Trump: Take one of my favorite pieces in the wide world - the Goldberg Variations. Right away, Bach lets us know that G major is the supreme key. So pure and holy - only one black note in it, if you catch my drift. Just like the dream I have for America. It rules over the whole piece, as is its rightful place, without any other keys butting in and adding their degenerate ways into the mix. Only G major has the authority to drive this great work, endlessly vary the theme, and carry it on till the end with grace, valor, and an iron fist. Bach made sure that every note outside of G major knew its place. What people don't realize is that we have a crisis now, Tussah. During the Romantic era, unlicensed and undocumented notes just began waltzing into the middle of music and invading keys they don't belong in, and it has gotten so much worse since then. You do realize that when foreign notes cross the borders of a key, they're not bringing their best. They're bringing their drugged-up Neapolitan sixths and sleazy deceptive cadences along with them. And boy, do Chopin and the others enable them - bunch of immigrant-sympathizing wimps! My grandparents did not come all the way from Germany to America just to hear such awful drivel. 

Me: You seem to be very passionate about this.

Trump: Damn right, I am. The saddest part is that composers today don't even care what keys their pieces are in. They don't realize that they're destroying the fabric and foundation of music itself. All this polytonality and atonality business is complete anarchy! 

Me: Well, I must beg to differ on that one. Atonal music actually represents the opposite of anarchy - rather, it tends to be highly formalistic and structured, such as Schoenberg's twelve-tone rows, or Ligeti's use of fractals and geometry in his etudes. And I'm not a particularly die-hard fan of all atonal music myself - some of it sounds like shit, sure - but I must admit that dramatic twists of polytonality add variety and interest to all music - even the tonal kind. What's the point of listening to a piece that doesn't ever change key? I think it to be rather boring. Aren't the most interesting and touching notes in the Goldberg actually the ones that are not from G major? 

Trump: You might very well think that, but that doesn't make it true.

Me: Touché. 

Trump: At some point we just have to say that wrong notes are wrong notes, you know. You just gotta say it like it is, and whether some pansy liberal statisticians or scientists claiming to be "reasonable people" think it's true or not doesn't matter. They're just jacking off to the beat of their own metronomes. The real question here - the one Mr. Bach asks - is why should we, as American taxpayers, fund those dirty E flats and A flats with our hard-earned, G major money? Let them find jobs in C minor, where they belong. We really oughtta build a wall between major and minor keys, you know, and Philip Glass should pay for it! Some of these notes are actually terrorizing our music with their warped ideologies. We need to start acknowledging radical wrong note extremism and get it the hell out of our music. These notes don't like our lifestyle and will kill every rendition they get their hands on. Anyone who disagrees is disgraceful!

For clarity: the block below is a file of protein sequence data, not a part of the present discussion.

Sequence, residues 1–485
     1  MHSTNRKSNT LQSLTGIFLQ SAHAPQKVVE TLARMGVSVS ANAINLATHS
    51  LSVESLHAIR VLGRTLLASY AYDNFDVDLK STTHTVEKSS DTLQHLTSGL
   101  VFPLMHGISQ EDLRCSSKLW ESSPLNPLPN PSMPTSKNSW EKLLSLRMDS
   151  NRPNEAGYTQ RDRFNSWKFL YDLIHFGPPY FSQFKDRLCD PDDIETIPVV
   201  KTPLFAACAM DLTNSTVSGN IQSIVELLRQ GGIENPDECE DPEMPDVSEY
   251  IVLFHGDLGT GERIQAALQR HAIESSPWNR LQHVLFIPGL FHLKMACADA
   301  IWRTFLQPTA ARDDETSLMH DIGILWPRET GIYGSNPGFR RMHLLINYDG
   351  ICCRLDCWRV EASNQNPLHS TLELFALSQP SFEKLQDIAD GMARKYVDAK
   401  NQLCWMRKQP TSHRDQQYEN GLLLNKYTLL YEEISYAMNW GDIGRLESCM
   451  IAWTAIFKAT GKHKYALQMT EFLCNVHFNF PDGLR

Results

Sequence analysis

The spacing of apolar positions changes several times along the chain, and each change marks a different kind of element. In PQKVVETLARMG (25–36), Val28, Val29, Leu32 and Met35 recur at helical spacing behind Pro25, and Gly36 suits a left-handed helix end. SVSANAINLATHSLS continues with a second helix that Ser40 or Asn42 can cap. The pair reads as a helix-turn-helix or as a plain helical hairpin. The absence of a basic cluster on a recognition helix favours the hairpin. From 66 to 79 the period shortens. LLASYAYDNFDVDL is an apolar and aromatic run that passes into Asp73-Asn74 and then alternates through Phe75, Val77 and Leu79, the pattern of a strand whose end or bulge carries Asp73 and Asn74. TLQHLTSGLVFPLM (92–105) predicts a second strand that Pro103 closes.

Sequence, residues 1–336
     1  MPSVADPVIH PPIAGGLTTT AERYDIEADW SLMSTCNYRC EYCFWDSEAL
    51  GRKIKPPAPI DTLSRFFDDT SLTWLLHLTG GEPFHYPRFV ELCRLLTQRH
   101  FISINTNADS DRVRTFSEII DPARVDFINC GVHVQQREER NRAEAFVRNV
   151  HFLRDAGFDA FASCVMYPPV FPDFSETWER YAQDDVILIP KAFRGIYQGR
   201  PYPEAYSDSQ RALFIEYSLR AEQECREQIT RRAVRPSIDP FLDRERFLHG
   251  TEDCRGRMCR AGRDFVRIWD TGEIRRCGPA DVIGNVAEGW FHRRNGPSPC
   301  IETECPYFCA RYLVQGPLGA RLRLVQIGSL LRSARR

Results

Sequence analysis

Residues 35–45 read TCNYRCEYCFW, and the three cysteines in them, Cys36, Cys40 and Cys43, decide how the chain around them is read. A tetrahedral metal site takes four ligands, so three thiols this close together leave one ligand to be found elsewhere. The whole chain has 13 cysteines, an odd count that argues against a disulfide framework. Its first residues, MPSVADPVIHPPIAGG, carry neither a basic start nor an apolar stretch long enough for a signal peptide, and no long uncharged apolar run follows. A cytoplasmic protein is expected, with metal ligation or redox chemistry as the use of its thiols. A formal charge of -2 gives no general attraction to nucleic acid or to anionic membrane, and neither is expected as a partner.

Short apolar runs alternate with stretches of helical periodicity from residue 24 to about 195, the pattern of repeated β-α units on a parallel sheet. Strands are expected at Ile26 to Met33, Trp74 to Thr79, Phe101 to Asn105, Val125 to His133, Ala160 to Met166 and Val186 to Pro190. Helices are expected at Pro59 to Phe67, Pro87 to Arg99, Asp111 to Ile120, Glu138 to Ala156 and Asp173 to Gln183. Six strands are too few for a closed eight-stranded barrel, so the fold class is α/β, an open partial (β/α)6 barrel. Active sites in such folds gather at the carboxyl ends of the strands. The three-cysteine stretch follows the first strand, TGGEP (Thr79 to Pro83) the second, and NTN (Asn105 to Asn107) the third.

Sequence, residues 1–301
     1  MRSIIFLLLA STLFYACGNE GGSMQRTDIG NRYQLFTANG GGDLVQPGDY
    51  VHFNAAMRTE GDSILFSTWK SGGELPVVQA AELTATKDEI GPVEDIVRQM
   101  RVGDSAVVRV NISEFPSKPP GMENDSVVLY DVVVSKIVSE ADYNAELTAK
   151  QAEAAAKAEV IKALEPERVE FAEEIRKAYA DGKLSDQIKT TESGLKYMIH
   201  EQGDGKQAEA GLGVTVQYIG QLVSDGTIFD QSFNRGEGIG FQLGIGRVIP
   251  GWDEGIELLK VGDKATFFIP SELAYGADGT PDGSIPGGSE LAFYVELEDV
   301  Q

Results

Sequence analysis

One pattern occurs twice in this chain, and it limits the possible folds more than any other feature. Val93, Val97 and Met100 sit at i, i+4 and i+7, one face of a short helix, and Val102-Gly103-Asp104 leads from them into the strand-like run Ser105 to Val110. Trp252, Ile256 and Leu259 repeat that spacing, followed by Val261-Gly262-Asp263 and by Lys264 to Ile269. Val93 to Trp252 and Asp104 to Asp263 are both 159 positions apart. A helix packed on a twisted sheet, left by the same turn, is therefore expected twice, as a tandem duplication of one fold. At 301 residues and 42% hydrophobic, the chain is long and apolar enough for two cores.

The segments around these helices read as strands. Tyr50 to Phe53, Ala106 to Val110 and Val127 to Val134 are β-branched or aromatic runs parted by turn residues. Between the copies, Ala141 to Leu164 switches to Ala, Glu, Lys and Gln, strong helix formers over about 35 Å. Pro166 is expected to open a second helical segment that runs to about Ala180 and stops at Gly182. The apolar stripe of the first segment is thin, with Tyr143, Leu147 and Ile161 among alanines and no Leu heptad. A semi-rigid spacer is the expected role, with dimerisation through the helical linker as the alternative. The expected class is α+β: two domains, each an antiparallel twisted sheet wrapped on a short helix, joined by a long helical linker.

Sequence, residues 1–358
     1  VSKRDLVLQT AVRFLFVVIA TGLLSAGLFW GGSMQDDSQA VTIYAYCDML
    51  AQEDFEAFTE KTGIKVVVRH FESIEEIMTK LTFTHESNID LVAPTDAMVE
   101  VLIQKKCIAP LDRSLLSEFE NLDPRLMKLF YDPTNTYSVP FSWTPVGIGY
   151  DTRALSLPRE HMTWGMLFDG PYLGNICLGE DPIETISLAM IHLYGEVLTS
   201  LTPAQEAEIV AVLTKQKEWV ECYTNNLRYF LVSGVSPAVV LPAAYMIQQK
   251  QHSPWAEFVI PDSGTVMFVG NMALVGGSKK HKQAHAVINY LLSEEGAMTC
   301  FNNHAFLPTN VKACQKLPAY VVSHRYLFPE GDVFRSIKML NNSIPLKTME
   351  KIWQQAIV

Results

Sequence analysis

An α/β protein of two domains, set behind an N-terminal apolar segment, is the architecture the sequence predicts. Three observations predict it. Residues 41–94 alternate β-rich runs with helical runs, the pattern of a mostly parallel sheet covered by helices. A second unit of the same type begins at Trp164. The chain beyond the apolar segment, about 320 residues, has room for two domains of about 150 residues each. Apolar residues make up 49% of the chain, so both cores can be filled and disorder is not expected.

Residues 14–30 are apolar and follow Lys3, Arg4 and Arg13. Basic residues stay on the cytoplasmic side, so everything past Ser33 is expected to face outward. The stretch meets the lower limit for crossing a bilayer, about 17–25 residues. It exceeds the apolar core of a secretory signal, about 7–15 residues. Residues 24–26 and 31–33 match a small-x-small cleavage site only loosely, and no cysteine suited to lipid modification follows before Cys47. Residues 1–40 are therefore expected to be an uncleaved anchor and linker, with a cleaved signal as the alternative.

Me: I feel like you are over-generalizing the definition of "wrong note". One should distinguish between right notes that don't belong to the home key of a piece, and notes that are hit during a performance and don't belong to the piece at all - truly wrong notes. Just because a note does not belong to the home key of a piece doesn't mean it isn't a true part of the piece. These notes are honest contributors to the fabric of the music, and add great diversity to it. However, wrong notes have no other motive than to ruin a performance. Those notes - more specifically, their motives - are the ones we should be against. Additionally, we shouldn't forget that many problems can arise in notes that belong to the home key too! 

Trump: Look, if you want to kill a problem, you must begin at the root. We shouldn't let any non-key note go unchecked. Soon, all those wrong notes would learn to fear us and go back to the moron-land they came from. 

Me: Well, even for the most accurate musicians among us, invasive wrong notes are a reality of our existence. They will, sadly, always exist. But we can prevent them from occurring by taking necessary precautions, such as regulating our practicing and not letting them sound too loudly if they do occur. 

Trump: All this regulation stuff is meaningless. I say you need to bust out the right notes as loud as you can. It takes a right note played forte to stop a wrong note played forte. You have to go hard on them, or they would never take you seriously. 

Me: Wouldn't that ruin the performance even more?

Trump: Tussah, you're being naïve. You need to be armed and prepared for anything. Take the Rite of Spring premiere, for instance. Why it got so out-of-hand has always puzzled me. Imagine if Stravinsky had known how to get those rioting jackasses out of his auditorium. He should've got someone to either shoot them or knock the crap out of them, and all he would've had to do is offer to pay some legal fees. 

Me: Let's move on and talk about the piece itself. What are your impressions?  

Trump: That work was truly a product of innovation. I even think that the tribal ritual where the girl dances herself to death for the gods of Spring was pretty awesome - finally something good that came from those Muslims. 

Me: Not to belabor a great conversation with boring facts, but the Rite of Spring is actually an ancient Celtic tradition, not an Islamic one.